How To Toilet Train Your Dog - From Puppy To Adult
- 16 Nov, 2016
I don't think it's ever too late to toilet train your dog. In fact, I don't think it is too late to train your dog to do anything, whether it's a puppy or an adult dog.
Sure, dogs of all shapes, sizes, breed and age can get into bad habits (and that includes toilet training), but that doesn't mean they can't be eradicated. The trick with all of this is to teach your dog a behaviour it can match to a positive response, communication, praise and reward.
For some, the reward can be a toy and for others it will be a food treat. Either way, training of any description will only enhance the relationship you have with your dog, so why not get into toilet training right from the puppy stage. It is such a great place to start your training regime and you'll see a difference in how your dog reacts and behaves in no time.
When it comes to toilet training your puppy it is all about getting into a routine. A puppy will usually want to pee within a few minutes of waking up so it is a good idea to be around as much as possible. Of course you can't be there at all times and it goes without saying that you'll have a tough job preventing your dog from urinating or defecating indoors every single time.
If your puppy or dog goes to the toilet indoors don't react harshly or cause a fuss. If you do, this can sometimes stop your dog from wanting to go to the toilet in front of you and this can include outside.However, it is a good idea to get into the routine of taking your dog outside when it wants to go to the toilet so it knows that is where to do its business. Ideally, you should do this once every hour, especially if you are training a puppy. Puppies can also urinate without warning if they have been very active so a quick visit outside following play is a good idea.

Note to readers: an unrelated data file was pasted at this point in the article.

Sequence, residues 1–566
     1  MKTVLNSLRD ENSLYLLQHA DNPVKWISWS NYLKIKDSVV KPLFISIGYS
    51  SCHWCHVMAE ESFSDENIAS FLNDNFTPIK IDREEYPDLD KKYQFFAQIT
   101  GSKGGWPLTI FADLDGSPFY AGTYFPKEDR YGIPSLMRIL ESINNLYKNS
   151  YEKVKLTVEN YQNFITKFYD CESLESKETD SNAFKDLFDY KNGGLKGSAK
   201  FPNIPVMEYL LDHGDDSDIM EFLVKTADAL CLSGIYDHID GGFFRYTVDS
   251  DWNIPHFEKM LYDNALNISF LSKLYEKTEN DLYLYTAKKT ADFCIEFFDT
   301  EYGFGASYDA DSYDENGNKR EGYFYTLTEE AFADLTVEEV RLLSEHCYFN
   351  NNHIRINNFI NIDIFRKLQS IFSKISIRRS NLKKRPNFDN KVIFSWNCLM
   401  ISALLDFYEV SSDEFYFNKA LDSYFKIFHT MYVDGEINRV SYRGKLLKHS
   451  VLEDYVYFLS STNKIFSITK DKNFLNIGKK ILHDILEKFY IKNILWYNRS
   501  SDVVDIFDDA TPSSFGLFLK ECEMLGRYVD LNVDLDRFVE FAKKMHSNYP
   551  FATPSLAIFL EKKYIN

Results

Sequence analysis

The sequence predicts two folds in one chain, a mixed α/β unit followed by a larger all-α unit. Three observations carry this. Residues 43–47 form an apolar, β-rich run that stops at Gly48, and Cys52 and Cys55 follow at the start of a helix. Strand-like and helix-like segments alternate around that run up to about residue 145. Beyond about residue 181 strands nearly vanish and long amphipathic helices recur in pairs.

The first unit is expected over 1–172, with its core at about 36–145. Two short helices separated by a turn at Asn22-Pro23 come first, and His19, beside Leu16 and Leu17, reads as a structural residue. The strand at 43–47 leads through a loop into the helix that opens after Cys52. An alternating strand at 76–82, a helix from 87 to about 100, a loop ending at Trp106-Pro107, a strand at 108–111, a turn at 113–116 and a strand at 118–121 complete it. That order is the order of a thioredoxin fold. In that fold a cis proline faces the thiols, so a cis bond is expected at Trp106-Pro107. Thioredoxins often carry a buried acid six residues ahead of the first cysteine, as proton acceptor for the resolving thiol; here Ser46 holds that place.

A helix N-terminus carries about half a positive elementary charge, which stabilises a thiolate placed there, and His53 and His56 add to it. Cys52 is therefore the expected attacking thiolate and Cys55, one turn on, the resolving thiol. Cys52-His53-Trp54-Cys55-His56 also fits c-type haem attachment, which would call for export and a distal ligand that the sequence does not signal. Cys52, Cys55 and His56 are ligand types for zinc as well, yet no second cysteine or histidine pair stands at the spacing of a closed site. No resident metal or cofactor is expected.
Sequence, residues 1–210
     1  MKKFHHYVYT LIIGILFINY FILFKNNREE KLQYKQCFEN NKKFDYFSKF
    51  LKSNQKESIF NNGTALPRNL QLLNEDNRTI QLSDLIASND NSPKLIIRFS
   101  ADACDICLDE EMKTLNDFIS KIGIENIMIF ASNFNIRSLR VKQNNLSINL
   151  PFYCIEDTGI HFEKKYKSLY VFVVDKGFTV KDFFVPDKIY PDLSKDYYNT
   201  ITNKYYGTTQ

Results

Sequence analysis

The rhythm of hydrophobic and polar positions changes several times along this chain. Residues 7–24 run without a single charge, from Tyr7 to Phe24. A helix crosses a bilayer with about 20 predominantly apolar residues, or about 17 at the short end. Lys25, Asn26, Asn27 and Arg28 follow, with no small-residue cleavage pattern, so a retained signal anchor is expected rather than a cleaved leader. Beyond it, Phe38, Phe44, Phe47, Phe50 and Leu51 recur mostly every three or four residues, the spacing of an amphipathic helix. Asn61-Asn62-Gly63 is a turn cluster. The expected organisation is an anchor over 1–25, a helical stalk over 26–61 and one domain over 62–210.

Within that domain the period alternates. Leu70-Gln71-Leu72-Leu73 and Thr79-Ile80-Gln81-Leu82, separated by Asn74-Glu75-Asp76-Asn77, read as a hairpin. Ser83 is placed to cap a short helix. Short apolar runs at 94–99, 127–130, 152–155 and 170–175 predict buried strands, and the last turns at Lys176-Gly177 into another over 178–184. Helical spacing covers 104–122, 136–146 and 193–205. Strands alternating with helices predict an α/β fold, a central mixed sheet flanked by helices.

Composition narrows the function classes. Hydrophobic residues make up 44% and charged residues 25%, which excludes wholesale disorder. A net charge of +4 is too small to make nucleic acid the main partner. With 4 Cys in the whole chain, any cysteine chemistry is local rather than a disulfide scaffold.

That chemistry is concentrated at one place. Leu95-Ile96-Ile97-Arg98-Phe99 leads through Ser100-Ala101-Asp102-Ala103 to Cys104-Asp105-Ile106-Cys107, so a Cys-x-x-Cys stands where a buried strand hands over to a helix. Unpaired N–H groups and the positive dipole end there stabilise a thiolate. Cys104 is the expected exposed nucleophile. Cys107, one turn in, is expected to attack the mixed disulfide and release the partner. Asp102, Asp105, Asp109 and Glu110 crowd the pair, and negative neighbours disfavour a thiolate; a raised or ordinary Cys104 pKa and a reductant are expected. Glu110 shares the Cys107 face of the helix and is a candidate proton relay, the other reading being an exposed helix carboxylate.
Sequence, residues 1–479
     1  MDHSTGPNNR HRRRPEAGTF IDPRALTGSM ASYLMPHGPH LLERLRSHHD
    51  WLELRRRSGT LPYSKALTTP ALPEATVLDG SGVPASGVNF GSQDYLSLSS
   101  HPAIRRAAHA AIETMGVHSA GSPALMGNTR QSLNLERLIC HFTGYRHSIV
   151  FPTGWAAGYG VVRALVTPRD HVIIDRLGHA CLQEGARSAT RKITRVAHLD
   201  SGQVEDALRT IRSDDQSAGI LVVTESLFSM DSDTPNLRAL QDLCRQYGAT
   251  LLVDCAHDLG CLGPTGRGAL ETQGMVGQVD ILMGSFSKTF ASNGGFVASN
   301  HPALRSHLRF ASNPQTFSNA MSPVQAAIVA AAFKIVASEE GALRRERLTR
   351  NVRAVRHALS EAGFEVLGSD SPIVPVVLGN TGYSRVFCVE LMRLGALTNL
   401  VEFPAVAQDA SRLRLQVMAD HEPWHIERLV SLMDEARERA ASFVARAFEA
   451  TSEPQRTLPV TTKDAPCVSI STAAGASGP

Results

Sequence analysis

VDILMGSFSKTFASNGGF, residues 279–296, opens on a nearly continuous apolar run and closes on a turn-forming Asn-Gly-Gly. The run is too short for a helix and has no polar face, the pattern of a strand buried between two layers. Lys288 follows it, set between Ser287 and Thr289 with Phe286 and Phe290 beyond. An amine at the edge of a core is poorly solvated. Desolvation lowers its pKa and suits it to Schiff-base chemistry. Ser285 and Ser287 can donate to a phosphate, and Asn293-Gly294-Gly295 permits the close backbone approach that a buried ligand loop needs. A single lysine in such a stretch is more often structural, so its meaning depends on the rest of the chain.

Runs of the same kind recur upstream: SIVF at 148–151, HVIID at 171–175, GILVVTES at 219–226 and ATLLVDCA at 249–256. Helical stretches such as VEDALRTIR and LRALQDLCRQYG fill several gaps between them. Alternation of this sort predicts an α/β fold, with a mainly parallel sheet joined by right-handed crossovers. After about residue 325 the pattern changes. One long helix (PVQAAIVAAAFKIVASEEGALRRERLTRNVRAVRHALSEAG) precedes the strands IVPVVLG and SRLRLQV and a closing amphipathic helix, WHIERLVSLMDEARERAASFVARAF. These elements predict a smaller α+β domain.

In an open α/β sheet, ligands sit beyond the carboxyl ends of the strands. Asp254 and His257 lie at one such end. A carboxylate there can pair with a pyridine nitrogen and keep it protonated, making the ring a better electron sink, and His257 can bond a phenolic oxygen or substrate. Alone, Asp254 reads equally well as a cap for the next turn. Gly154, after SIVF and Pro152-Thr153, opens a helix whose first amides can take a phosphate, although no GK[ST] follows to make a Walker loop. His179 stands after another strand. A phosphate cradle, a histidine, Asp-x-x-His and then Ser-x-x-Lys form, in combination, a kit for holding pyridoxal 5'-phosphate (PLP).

So, if an accident occurs, just clean it up and accept it. And if you do need to clean up the mess indoors don't use cleaning products with ammonia in them. This has a similar smell to urine and it can actually cause the dog to do the same again in the same place.
When you do take your dog outside think of a word which means "go to the toilet." Something we use is "go busy" and we use this every time we want our dogs to go outside and do their business. In our case, these two words are short, simple to understand and don't sound like any other words we use as commands or for obedience training.
As soon as your dog goes to the toilet outside, reward it. You can also go a stage further and try to get your dog to "go busy" in the same area of the garden. If you have an area of gravel or stones then this is a good place. Dogs are creatures of habit and they can learn to go in the same place very quickly. Of course repetitive peeing on grass turns it yellow so this is why we recommend a non grass surface if you can. This takes a bit of training but it is possible.
If you want your dog to go to the toilet when out on walks you need to make it OK for them to do so. Try to time your walk as early as you can before the dog's first pee or poo.
Again, use your buzz word and reward the dog if it goes to the toilet when out on a walk. If it doesn't do it's business try to stay out as long as you can until it does. If it still doesn't, make sure you get it into the garden as quickly as possible on your return, as it could be desperate to go and may do so indoors if you are not quick enough.
Remember, try to stick to a routine and be consistent at all times. This includes the times you feed the dog and try not to include too much salt in their diet. Salty foods and treats will usually make your dog drink more and this means it will pee more.
For older dogs the same applies. Sometimes this can be a little more difficult, depending on different circumstances and what experiences the dog has gone through in the past.
If you have taken in an older dog or one from a rescue, they may have ingrained behavioural patterns and this can take you a bit more time to get them out of it. You will have no real idea of what this dog has experienced so always be patient, calm and try not to react to any accidents in a loud or aggressive way.
Regular routines of showing and teaching the dog that they should be going to the toilet outdoors should pay off, but if you find that your dog displays unusual behaviour or a level of incontinence, make sure that you have your dog checked out by your vet to rule out any infection or other medical condition.